20 F.3d 445 (11th Cir. 1994), 92-8489, United States v. Harris

Docket Nº:92-8489, 93-8071.
Citation:20 F.3d 445
Party Name:UNITED STATES of America, Plaintiff-Appellee, Cross-Appellant, v. Greg HARRIS, Angelo Vagas, Vernon Copeland, Fredel Williamson, aka Fred Williamson, Defendants-Appellants, Michael D. Griggs, Defendant-Appellant, Cross-Appellee. UNITED STATES of America, Plaintiff-Appellee, v. Warren FORD aka Bo, Defendant-Appellant.
Case Date:May 11, 1994
Court:United States Courts of Appeals, Court of Appeals for the Eleventh Circuit
 
FREE EXCERPT

Page 445

20 F.3d 445 (11th Cir. 1994)

UNITED STATES of America, Plaintiff-Appellee, Cross-Appellant,

v.

Greg HARRIS, Angelo Vagas, Vernon Copeland, Fredel

Williamson, aka Fred Williamson, Defendants-Appellants,

Michael D. Griggs, Defendant-Appellant, Cross-Appellee.

UNITED STATES of America, Plaintiff-Appellee,

v.

Warren FORD aka Bo, Defendant-Appellant.

Nos. 92-8489, 93-8071.

United States Court of Appeals, Eleventh Circuit

May 11, 1994

Page 446

[Copyrighted Material Omitted]

Page 447

Bruce S. Harvey, Law Offices of Bruce S. Harvey, Atlanta, GA, for Greg Harris.

Jake Waldrop, Federal Defender Program, Inc., Atlanta, GA, for Angelo Vagas.

Thomas J. Hughes, Jr., Marietta, GA, for Vernon Copeland.

Stanley M. Baum, Bates & Baum, Atlanta, GA, for Fredel Williamson.

Henry C. Johnson, Jr., Decatur, GA, for Michael D. Griggs.

Bryan J. Farrell, Asst. U.S. Atty., Atlanta, GA, for U.S. in No. 92-8489.

Michael J. Trost, Atlanta, GA, for Warren Ford.

John S. Davis, Asst. U.S. Atty., Joe D. Whitley, U.S. Atty., Atlanta, GA, for U.S. in both cases.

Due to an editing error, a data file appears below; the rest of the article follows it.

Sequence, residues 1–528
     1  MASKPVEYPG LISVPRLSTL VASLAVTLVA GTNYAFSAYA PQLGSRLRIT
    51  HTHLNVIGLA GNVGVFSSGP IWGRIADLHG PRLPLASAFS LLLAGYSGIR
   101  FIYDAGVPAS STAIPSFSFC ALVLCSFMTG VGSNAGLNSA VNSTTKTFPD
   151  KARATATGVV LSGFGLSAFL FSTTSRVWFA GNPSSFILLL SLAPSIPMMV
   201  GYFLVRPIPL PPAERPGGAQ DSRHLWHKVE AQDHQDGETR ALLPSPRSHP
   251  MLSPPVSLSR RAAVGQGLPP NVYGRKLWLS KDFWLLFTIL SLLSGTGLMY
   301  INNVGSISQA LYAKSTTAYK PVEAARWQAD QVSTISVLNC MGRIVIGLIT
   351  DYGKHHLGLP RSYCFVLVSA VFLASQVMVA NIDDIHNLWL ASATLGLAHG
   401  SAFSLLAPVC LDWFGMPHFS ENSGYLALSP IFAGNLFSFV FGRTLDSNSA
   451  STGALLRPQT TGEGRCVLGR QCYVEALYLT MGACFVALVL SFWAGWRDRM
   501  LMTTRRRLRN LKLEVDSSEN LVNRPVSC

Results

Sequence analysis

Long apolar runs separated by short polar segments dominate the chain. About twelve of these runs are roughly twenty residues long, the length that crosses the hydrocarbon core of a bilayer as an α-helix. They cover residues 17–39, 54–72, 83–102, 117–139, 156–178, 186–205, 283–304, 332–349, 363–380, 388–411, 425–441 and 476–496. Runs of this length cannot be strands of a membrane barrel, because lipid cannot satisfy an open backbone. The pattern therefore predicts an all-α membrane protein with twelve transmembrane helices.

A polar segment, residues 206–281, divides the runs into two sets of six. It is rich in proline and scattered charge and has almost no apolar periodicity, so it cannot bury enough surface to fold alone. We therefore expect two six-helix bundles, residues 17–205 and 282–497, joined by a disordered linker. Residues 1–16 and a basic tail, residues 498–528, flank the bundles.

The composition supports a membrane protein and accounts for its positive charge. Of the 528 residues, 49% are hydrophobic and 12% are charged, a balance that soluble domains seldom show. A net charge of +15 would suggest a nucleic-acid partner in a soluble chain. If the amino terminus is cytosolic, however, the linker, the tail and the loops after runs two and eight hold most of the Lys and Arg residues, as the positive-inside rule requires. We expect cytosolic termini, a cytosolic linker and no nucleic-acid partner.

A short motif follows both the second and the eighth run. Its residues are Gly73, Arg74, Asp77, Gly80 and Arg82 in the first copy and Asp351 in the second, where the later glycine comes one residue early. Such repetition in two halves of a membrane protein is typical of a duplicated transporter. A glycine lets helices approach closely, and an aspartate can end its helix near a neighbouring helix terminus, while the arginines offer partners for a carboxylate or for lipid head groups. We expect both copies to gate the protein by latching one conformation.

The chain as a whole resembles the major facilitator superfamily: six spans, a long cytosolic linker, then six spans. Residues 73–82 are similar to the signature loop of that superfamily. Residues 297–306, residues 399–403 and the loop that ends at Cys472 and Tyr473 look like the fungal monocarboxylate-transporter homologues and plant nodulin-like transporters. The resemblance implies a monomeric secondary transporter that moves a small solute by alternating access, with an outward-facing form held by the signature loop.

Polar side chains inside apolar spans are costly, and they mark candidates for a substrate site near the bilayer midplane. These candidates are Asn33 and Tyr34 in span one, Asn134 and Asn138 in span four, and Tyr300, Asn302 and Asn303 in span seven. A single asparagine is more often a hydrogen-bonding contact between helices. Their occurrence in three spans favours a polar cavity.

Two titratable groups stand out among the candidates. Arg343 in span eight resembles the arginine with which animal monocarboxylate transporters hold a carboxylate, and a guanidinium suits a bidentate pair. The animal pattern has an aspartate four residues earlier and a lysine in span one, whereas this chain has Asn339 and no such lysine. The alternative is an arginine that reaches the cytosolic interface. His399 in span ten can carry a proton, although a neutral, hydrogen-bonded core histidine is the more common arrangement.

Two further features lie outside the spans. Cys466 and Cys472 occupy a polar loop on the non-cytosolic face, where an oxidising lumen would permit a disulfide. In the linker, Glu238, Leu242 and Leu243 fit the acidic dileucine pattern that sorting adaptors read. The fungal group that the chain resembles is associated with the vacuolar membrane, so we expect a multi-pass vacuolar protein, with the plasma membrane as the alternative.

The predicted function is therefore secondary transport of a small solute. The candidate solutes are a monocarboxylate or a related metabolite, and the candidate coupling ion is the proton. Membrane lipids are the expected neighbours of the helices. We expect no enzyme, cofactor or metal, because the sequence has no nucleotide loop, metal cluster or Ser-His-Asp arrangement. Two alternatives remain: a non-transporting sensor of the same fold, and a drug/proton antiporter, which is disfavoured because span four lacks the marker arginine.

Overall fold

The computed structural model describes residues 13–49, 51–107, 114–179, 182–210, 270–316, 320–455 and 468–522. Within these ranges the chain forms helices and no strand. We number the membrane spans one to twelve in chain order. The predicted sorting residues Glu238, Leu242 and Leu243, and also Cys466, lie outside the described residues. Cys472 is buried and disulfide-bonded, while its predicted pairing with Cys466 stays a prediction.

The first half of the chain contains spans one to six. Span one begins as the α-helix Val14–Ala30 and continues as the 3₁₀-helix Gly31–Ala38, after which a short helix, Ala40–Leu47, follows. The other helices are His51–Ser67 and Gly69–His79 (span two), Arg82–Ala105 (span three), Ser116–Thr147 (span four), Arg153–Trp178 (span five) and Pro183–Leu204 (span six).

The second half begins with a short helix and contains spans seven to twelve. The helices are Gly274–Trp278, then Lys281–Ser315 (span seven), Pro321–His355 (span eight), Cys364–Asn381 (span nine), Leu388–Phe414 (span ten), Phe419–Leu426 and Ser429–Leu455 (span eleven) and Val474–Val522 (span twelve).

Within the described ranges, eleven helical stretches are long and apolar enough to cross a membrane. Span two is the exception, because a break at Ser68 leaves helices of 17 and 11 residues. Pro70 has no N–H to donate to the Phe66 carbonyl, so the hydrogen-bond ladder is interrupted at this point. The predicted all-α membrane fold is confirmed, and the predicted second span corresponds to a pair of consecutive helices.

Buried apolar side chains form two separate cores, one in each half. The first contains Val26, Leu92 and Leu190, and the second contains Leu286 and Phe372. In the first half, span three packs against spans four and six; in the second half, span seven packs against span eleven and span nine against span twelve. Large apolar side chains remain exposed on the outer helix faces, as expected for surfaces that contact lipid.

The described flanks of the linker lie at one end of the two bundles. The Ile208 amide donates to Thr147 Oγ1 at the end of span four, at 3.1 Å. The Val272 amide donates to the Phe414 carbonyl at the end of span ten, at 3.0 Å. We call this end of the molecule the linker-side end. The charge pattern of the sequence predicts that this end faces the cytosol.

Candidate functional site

Appeals from the United States District Court for the Northern District of Georgia.

Before TJOFLAT, Chief Judge, HATCHETT, Circuit Judge, and MERHIGE [*], Senior District Judge.

HATCHETT, Circuit Judge:

In this consolidated appeal we review the convictions and sentences of the six appellants convicted of: (1) conspiracy to distribute cocaine in violation of 21 U.S.C. Sec. 846; (2) possession with intent to distribute cocaine in violation of 21 U.S.C. Sec. 841(a)(1) and 18 U.S.C. Sec. 2; (3) possession of a firearm in relation to a drug felony in violation of 18 U.S.C. Secs. 924(c) and 2; (4) money laundering in violation of 18 U.S.C. Secs. 1956(a)(1)(B)(i) and 2; and (5) structuring cash transactions to evade federal reporting requirements in violation of 31 U.S.C. Sec. 5324 and 18 U.S.C. Sec. 2. After reviewing each of the claims on appeal, we reject them and affirm the appellants' convictions and sentences.

FACTS

This conspiracy began in 1986 when appellants Fredel Williamson and Vernon Copeland moved to Atlanta, Georgia, from Miami, Florida, for the purpose of distributing cocaine. Robert Atwater, Williamson's associate, also moved to Atlanta to participate in the distribution of cocaine. After moving to Atlanta, Williamson, Copeland, Atwater, and others made regular trips to Miami to purchase

Page 448

cocaine, importing hundreds of kilograms of cocaine over the course of the conspiracy.

In Atlanta, Williamson and Copeland met Michael Griggs, an Atlanta businessman who facilitated the "investment" of the proceeds of the drug conspiracy. In 1987, with Griggs's help, Williamson, Copeland, Atwater, and appellant Greg Harris purchased a restaurant, named "Tuesdays," which they operated for less than a year. Before purchasing Tuesdays, Williamson, Copeland, and Atwater gave Griggs large sums of cash, which Griggs directed his administrative assistant, Linetta Zachary to deposit in a bank. At Griggs's direction, Zachary made thirty-five separate deposits into several accounts, using seven different branches of the same bank, to avoid the federal reporting requirements.

In July, 1988, Griggs also purchased an Atlanta nightclub, which he named "Sensations." To purchase Sensations, Griggs made several deposits of less than $10,000, into various bank accounts and then drew a cashier's check against the funds. To pay the insurance premium for the nightclub, Copeland and appellant Warren Ford, a drug distributer for Atwater, provided cash payments, which were later converted into cashier's checks. After Griggs purchased Sensations nightclub, it operated on a cash basis.